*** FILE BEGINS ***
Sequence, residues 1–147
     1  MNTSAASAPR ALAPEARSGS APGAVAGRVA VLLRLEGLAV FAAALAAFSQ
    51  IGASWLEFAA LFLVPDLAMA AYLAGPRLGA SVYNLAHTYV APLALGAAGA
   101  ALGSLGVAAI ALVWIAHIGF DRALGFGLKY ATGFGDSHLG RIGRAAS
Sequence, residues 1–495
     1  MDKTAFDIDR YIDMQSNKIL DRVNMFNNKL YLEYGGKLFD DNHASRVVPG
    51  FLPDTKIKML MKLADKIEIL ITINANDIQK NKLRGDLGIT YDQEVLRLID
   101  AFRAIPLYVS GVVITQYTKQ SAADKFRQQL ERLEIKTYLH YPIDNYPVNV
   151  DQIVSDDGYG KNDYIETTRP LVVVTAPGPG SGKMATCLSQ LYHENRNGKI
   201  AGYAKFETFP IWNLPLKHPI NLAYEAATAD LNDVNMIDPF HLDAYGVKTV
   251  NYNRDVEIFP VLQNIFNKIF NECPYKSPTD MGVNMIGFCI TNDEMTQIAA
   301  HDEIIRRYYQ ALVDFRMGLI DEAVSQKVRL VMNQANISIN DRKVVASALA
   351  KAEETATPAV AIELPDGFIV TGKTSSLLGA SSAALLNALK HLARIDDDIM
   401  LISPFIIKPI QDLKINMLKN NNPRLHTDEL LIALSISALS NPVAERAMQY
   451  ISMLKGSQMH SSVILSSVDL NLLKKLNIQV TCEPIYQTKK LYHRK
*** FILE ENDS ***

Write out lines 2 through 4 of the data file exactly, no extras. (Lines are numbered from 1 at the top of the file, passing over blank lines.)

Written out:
     1  MNTSAASAPR ALAPEARSGS APGAVAGRVA VLLRLEGLAV FAAALAAFSQ
    51  IGASWLEFAA LFLVPDLAMA AYLAGPRLGA SVYNLAHTYV APLALGAAGA
   101  ALGSLGVAAI ALVWIAHIGF DRALGFGLKY ATGFGDSHLG RIGRAAS